Welcome to The International Association for the Study of Popular Music UK and Ireland Branch

Migration and subsequent transformation/evolution of music genres and associated subcultures in the 20th and 21st centuries.

Posted: April 19th, 2021 | Filed under: Calls for Papers | No Comments »

Call for chapters for an edited book

As music genres and associated subcultures travel transnationally, they tend to change to adapt to new audiences’ needs and circumstances. This proposed edited volume examines how different music genres and related subcultures have evolved as they traverse national and geographical borders and intends to unearth the dynamic nature of music and the communities it inspires.

As an example, contributors might want to look at the relationship between free jazz in the US and Europe in the 1960s/70s, at the transmission of reggae from Jamaica to Britain, at the transglobal appeal of hip or hop, or the adoption of skinhead culture in the far east. Attention might turn to punk’s transferal to Eastern Europe or China, or examples of folk music migrating across continents, or western adaptation of music from the far east.

In their contributions, authors can focus on questions/topics including (but not limited to):

  • Characteristics and identity of the audience in the country-of-origin vs the new audience? Did the music/subculture cross (or transgress) the lines of race, class, gender, and sexuality?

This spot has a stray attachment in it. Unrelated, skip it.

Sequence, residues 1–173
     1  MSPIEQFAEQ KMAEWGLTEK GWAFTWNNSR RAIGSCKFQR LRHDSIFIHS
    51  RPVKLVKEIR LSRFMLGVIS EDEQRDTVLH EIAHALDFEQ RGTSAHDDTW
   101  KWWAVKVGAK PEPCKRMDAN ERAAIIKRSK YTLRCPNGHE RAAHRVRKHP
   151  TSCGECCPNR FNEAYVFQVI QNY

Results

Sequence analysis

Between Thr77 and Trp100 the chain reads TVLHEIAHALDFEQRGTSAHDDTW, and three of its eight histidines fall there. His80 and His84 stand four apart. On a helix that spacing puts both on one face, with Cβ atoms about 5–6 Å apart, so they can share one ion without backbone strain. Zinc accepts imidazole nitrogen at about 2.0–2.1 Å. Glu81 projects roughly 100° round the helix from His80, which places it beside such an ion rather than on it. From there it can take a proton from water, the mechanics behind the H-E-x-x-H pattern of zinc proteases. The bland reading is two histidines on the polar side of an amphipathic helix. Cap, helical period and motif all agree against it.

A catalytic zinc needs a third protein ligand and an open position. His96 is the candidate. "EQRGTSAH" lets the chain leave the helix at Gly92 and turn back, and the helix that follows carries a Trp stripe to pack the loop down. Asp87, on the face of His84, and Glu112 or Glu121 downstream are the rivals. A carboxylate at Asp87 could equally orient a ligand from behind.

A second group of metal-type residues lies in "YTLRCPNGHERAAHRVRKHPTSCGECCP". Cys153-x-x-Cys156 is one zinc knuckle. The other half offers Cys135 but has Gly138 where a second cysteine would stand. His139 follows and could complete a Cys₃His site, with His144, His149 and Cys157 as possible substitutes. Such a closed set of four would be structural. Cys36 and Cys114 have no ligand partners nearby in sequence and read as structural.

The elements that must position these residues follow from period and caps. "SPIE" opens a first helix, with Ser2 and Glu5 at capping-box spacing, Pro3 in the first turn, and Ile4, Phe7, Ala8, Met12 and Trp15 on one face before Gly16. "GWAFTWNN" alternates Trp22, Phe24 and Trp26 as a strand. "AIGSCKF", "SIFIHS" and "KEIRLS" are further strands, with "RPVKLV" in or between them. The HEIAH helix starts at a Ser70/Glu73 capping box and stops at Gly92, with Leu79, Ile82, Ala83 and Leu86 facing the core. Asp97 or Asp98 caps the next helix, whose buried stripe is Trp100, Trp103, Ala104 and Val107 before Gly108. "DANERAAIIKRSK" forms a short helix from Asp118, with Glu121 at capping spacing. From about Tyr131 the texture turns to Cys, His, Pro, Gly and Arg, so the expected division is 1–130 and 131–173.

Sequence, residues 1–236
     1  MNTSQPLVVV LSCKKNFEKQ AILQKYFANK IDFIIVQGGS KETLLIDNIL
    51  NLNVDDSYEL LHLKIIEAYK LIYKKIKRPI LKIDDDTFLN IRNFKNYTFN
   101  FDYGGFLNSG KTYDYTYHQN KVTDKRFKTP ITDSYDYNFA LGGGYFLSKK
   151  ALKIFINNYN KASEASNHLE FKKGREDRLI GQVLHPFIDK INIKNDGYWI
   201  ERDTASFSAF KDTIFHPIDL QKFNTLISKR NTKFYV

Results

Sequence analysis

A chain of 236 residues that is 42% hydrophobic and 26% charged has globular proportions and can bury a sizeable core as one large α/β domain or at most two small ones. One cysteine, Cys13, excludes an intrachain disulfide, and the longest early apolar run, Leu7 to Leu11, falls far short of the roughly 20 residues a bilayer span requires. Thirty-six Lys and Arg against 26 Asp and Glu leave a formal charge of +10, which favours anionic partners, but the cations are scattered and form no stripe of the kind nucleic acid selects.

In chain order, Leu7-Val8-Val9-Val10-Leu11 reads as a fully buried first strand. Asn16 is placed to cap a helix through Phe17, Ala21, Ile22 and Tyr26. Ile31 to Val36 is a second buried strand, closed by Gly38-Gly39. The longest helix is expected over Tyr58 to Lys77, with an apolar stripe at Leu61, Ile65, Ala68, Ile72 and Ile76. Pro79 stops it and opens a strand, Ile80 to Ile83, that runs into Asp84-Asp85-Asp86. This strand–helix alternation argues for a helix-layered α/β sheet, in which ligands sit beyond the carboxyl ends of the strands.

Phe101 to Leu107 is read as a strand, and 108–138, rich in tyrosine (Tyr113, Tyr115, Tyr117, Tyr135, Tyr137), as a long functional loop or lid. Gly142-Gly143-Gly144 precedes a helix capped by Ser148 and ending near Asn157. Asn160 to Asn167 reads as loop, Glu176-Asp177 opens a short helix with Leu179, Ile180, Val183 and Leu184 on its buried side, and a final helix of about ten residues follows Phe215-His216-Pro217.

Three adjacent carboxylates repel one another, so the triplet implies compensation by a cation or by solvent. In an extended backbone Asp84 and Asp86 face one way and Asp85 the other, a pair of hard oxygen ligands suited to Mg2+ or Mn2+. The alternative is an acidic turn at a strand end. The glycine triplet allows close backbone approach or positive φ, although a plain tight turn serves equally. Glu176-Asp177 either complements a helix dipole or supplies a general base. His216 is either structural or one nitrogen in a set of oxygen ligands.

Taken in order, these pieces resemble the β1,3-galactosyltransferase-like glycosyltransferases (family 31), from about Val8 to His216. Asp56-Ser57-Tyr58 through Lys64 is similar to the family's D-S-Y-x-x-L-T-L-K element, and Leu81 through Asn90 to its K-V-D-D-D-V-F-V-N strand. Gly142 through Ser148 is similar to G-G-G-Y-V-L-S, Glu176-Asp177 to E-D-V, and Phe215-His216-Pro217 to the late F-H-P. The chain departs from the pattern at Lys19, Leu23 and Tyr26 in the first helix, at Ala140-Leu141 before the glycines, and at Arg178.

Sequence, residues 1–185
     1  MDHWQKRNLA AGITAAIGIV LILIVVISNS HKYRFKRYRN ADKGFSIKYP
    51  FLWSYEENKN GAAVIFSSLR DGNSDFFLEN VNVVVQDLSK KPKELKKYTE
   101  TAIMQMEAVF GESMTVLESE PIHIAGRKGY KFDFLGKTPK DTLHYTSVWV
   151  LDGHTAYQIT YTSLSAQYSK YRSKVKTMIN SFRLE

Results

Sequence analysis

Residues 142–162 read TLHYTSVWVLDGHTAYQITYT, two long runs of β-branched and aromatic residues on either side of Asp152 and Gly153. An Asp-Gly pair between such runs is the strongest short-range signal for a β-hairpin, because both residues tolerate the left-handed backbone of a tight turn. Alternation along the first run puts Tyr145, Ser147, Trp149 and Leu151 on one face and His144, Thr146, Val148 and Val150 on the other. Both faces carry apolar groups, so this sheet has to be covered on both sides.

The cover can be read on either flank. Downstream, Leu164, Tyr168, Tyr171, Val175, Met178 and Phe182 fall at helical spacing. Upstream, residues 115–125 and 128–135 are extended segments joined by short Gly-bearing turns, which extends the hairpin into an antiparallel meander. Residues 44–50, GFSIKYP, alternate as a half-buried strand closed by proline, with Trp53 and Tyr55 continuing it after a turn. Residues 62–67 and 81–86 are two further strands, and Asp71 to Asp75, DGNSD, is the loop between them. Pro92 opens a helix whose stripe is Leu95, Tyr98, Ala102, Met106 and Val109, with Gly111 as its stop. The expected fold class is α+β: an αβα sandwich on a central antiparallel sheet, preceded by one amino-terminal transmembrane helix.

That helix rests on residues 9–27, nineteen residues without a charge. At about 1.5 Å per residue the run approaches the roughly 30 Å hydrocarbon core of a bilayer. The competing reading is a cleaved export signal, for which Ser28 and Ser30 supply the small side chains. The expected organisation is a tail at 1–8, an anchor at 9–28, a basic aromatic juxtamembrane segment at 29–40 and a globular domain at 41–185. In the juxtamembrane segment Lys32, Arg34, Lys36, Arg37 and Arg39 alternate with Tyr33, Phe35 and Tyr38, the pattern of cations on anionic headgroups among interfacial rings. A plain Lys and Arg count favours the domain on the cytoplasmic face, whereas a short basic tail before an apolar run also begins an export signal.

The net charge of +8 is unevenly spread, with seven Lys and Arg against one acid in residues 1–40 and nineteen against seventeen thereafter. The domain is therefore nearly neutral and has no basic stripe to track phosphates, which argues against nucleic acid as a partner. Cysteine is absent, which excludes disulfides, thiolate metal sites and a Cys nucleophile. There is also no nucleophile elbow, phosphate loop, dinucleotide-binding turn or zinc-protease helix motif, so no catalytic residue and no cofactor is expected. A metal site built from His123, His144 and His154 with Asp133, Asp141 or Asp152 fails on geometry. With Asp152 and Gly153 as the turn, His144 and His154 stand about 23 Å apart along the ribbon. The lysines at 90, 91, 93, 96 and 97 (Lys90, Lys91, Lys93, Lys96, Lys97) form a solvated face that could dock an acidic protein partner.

• As a music genre/subculture migrated to a new country or area, has it taken on a new (political, social and/or cultural) meaning?
  • Did it travel together with migrants or did the music/subculture travel on its own?
  • Was the music and/or associated subculture adapted to meet the needs, circumstances and expectations of new audiences or to meet the new circumstances of the old audience (in the case of music travelling with migrants)?
  • How are/were these adaptations received by the members of the subculture in the country of origin?
  • How has social media/internet influenced the migration of music and subcultures?

Abstracts of approximately 800 words should state the problem or research question addressed in the proposed chapter, outline the theoretical framework, state the main point or argument of the proposed chapter, and provide a rough indication of the methods and sources you intend to use. Please include a short biography. Authors are encouraged to use oral testimonies (audience & musicians) if available/suitable. Keep in mind that chapters are not about specific bands, but about music genres (and sub-genres) and subcultures. Bands/artists should be discussed within this larger framework.

Please send your abstracts before May 20 to Matt Worley ([email protected]) or Elke Weesjes ([email protected]).

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